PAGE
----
In the waning days of Hong Kong’s 2014 student-lead Umbrella Movement, a hanging black banner read a prophetic message: We’ll Be Back. In 2019, those words came to fruition. The controversial introduction of a proposed extradition bill, allowing individuals in Hong Kong to face trial in Mainland Chinese courts, rocked the city and drew hundreds […]
In her book, Putin’s People: How the KGB Took Back Russia and Then Took on the West, former British investigative journalist Catherine Belton argues that the former KGB officer is determined to continue the Cold War in order to crush the West. The article evaluates Belton’s claims and logic on the nature of Putin’s regime.
For two decades, US military leaders have focused almost entirely on training and equipping the force for counter-insurgency operations. With politicians now intent on drawing down the United States’ involvement in the Middle East, the military has shifted its focus to meeting the next major challenge: conflict with another great power. From a security perspective, […]
Amidst Brexit and a pandemic, the U.K. government announced an ambitious merger of its foreign and development ministries, which took place in September. As the country undertakes a major review of its foreign and defense policy, what do the past and present of UK. aid tell us about the potential trajectory of British foreign policy under the Foreign, Commonwealth and […]
Money laundering serves as an important tool for transnational organized crime groups and terrorist organizations, enabling them to transform profit from illegal activities into clean funds for use in the licit financial system. Malign actors hide their money laundering efforts from law enforcement in a myriad of ways, but the purchase of legal or illegal […]
The health of Sino-American relations will be an important bellwether of American economic and national security success in the years to come. Because China is so important to America’s future, the United States must get it right with how it understands the threat (or lack thereof) from China. Getting it wrong could pose dire consequences […]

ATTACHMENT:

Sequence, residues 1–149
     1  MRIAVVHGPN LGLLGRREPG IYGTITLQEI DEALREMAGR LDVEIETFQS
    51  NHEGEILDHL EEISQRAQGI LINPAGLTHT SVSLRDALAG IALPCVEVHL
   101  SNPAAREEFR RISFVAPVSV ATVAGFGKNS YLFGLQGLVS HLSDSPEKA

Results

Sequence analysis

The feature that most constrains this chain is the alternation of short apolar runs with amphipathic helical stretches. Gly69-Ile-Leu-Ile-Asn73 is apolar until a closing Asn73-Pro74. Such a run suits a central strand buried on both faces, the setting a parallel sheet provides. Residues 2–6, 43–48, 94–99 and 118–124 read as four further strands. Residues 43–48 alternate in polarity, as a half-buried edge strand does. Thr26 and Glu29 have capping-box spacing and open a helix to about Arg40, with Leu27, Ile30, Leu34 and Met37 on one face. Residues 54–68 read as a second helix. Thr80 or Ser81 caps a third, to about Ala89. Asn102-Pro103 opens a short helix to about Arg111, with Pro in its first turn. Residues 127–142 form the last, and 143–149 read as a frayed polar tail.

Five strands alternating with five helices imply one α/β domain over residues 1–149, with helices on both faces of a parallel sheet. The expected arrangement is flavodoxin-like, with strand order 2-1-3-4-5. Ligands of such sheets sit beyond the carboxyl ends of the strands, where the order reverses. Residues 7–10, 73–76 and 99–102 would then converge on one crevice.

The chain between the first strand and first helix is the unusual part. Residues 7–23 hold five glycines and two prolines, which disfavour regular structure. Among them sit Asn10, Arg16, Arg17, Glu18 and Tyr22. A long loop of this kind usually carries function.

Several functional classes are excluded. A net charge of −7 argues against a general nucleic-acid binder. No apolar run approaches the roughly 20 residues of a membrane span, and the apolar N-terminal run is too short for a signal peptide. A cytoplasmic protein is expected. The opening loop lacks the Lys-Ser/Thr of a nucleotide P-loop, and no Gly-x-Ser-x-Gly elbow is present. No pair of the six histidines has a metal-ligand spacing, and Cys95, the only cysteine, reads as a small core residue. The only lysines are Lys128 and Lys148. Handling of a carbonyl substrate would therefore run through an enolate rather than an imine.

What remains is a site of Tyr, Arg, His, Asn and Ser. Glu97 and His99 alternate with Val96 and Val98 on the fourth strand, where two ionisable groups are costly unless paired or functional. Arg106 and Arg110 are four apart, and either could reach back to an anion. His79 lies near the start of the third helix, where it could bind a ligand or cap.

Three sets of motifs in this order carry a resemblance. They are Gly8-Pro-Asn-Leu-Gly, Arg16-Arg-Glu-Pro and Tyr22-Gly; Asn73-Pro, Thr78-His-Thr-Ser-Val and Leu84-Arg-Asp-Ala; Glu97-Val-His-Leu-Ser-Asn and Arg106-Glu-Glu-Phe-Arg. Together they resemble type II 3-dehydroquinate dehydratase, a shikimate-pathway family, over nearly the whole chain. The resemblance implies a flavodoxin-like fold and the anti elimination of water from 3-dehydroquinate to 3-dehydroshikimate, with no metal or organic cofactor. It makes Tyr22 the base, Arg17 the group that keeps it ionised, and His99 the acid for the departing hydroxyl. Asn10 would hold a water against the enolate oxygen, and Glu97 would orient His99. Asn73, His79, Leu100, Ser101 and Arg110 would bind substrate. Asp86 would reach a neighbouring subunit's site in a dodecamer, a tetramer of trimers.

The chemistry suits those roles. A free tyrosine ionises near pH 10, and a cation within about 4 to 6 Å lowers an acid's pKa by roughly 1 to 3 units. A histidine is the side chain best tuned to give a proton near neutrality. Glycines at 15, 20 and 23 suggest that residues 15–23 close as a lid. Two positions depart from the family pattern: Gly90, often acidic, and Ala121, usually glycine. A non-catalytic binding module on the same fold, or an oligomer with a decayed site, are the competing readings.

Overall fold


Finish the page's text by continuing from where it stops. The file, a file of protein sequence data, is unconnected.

Review of Hill, Christopher. The Future of British Foreign Policy: Security and Diplomacy in a World After Brexit (Cambridge, Polity Press, 2019) On January 31, 2020, the United Kingdom formally left the European Union. For most observers, Brexit Day meant the conclusion of a long drawn out negotiation process lasting for more than three-and-a-half years […]
Latin America’s criminal groups have leveraged the coronavirus pandemic to win the goodwill and support of local populations by delivering humanitarian assistance and co-opting public service provision in communities underserved by state institutions. Such levels of “criminal charity” could complicate the future efforts of Latin America’s weakest states to dismantle and defeat organized crime groups, whose power has grown in recent years.
Since the Trump administration designated China a “strategic competitor,” Sri Lanka and Taiwan have increasingly become plausible geopolitical flashpoints in the Pacific and Indian Oceans. How could Taiwan and Sri Lanka dictate the post-coronavirus endgame for China and the United States?
In 2014, hundreds of thousands took to the streets of Taipei to protest the Cross-Strait Services Agreement—a free trade agreement between Taiwan and Beijing—believing it would give the Chinese Communist Party (CCP) too much political and economic control over the island. The protesters wielded social media and the internet to communicate, inform and mobilize. These tools did not work in a vacuum, however, and understanding their interactions with conventional media and offline associations becomes crucial. This paper demonstrates how, through one-way and interactive communications, the participants of the Sunflower Movement used digital tools to realize their demands.